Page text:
Wiz Khalifa: ‘Blacc Hollywood’ Review
“ALL I DO IS SMOKE WEED AND GET PAID.”
Blacc Hollywood is just as confusing as it is contradicting. Confusing because it’s hard to determine whether the music is actually good or not, and contradicting because Wiz Khalifa was probably high and forgot what he said before.
The first couple of tracks are some of the better songs, production and delivery wise. Then towards the middle they lean towards what’s good for the radio with redundant but hard bass lines with no sense of meaning, coining phrases like “sleaze” on “The Sleaze” and everything else on “Ass Drop.” And by the end, you forgot what you heard before until “We Dem Boyz Remix” surfaces. There’s nothing on Blacc Hollywood that’s more impressive than this remix, the sequel to its prior hit that features Rick Ross, Schoolboy Q, and Nas, where Schoolboy Q debatably drops the greatest verse on the entire album.
According to “House In The Hills,” Wiz feels as if people only “focus on the fact the he’s a pothead” yet even on the brief instances where he decides to discuss adversity, struggle, and change like on “No Gain,” 15 out of the 15 tracks has more than one marijuana reference and/or surrounding subject matter.
But what remains the same is that when you break it down, besides that fact that Wiz does keep a extremely controlled and gravitational flow that you can’t help but to join in on, they’re all essentially the same song on repeat, with the exception of “Promises,” where ironically, he’s at his best when he’s not rapping which he experiments with a lot.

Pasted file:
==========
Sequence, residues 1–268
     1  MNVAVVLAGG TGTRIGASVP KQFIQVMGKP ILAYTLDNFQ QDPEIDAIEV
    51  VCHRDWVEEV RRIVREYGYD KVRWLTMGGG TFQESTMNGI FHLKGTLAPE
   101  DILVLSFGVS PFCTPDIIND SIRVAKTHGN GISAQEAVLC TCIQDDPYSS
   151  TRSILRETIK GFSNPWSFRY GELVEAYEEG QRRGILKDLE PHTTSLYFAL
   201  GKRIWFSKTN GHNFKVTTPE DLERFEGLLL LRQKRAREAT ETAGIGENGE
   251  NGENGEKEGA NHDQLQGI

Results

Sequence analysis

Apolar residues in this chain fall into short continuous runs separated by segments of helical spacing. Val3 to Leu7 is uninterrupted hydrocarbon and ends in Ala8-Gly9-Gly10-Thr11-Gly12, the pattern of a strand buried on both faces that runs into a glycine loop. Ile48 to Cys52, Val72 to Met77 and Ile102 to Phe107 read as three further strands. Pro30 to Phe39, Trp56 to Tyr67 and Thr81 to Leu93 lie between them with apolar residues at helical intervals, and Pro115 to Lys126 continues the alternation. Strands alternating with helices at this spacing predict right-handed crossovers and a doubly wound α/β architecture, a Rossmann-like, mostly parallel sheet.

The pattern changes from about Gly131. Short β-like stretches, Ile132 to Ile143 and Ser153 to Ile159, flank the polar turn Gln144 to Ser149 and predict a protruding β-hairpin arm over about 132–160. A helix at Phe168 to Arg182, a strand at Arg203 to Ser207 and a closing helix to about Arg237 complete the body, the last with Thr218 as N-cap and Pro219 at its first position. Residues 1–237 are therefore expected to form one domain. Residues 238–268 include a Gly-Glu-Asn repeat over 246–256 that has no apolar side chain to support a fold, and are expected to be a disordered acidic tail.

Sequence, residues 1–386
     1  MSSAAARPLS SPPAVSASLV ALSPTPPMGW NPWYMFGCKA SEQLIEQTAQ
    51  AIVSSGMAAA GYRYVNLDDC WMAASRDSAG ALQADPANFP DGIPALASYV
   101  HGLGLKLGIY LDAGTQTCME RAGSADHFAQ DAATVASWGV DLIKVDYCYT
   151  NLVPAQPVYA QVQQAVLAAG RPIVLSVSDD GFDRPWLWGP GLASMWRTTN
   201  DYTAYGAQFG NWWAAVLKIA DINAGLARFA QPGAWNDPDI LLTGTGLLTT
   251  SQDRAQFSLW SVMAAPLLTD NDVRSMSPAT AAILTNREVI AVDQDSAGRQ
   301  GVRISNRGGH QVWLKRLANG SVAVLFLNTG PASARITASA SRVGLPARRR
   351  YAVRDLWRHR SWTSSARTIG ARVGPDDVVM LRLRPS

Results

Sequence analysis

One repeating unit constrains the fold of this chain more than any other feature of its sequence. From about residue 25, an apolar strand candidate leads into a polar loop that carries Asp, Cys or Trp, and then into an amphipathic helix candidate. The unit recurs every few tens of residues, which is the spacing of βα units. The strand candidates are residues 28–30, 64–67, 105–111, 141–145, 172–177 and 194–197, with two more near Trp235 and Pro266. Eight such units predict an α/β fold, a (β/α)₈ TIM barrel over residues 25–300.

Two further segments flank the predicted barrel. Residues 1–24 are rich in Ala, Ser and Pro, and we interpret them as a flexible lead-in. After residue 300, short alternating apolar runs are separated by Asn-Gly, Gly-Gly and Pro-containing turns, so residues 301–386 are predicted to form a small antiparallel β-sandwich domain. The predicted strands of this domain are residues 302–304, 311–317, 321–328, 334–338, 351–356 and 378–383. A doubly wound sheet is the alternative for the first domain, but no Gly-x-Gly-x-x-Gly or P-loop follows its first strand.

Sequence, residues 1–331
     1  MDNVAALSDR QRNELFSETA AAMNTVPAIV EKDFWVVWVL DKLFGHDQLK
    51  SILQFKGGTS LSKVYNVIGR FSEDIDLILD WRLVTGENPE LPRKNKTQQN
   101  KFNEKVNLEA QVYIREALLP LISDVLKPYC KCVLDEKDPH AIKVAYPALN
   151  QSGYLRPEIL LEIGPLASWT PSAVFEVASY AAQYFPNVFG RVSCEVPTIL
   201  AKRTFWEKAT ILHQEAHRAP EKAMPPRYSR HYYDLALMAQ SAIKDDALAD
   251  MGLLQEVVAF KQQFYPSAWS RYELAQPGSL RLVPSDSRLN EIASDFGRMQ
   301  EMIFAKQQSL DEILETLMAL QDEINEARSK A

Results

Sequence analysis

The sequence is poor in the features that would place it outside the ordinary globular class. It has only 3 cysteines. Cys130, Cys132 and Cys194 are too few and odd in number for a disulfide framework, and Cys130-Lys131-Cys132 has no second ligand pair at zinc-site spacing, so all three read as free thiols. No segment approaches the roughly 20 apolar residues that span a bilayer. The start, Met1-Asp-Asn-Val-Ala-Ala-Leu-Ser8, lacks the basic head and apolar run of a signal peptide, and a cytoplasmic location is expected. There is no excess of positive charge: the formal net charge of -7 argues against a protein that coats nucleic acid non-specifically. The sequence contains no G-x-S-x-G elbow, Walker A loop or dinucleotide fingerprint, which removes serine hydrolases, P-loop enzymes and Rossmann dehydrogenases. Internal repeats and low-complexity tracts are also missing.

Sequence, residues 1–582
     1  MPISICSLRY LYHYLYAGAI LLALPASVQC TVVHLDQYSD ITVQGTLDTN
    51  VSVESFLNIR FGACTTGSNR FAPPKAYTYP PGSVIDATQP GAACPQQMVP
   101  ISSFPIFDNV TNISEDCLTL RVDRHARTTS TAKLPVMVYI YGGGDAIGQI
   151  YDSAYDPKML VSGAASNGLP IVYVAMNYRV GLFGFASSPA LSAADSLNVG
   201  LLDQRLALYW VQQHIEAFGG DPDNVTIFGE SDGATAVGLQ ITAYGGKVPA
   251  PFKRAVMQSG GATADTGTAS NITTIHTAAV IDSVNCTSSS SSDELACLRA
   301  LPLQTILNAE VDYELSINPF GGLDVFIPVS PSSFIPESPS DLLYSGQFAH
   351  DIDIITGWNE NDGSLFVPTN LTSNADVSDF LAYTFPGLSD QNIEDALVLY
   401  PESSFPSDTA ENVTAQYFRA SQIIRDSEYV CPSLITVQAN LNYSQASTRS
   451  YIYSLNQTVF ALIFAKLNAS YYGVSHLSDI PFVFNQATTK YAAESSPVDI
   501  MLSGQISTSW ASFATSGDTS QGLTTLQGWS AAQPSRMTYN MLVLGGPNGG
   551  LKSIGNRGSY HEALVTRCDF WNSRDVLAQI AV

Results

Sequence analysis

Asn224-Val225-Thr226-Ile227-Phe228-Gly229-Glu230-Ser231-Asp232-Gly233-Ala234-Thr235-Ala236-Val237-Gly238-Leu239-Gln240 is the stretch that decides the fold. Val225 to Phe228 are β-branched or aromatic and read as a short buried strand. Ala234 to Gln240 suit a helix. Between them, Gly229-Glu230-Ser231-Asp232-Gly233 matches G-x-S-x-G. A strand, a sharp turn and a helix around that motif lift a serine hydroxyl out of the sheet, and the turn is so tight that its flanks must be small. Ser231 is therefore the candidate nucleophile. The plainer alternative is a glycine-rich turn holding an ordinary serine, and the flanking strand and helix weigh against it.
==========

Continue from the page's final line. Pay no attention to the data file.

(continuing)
With a few exceptions such as Nicki Minaj and Curren$y, mostly all of the features are accompanied by a fellow Taylor Gang artist, such as Juicy J and Project Pat who made “KK” that much better, and multiple appearances by Ty Dolla $ign and Chevy Woods who provided the opening intro to “Hope” giving the album a very promising start.
Wiz Khalifa, who executively produced Blacc Hollywood, has always had this carefree, laid back mantra about himself as well as his music, that based on common interests has generated him millions of adoring fans. He continues to be himself: an indefinite stoner spreading those vibes through his rhymes.
What do you ‘really’ think of the music? Do you think by having so many features the intention was diverted? Let us know in the comments below.
*This review of Blacc Hollywood is based on the 15-track Deluxe Edition.
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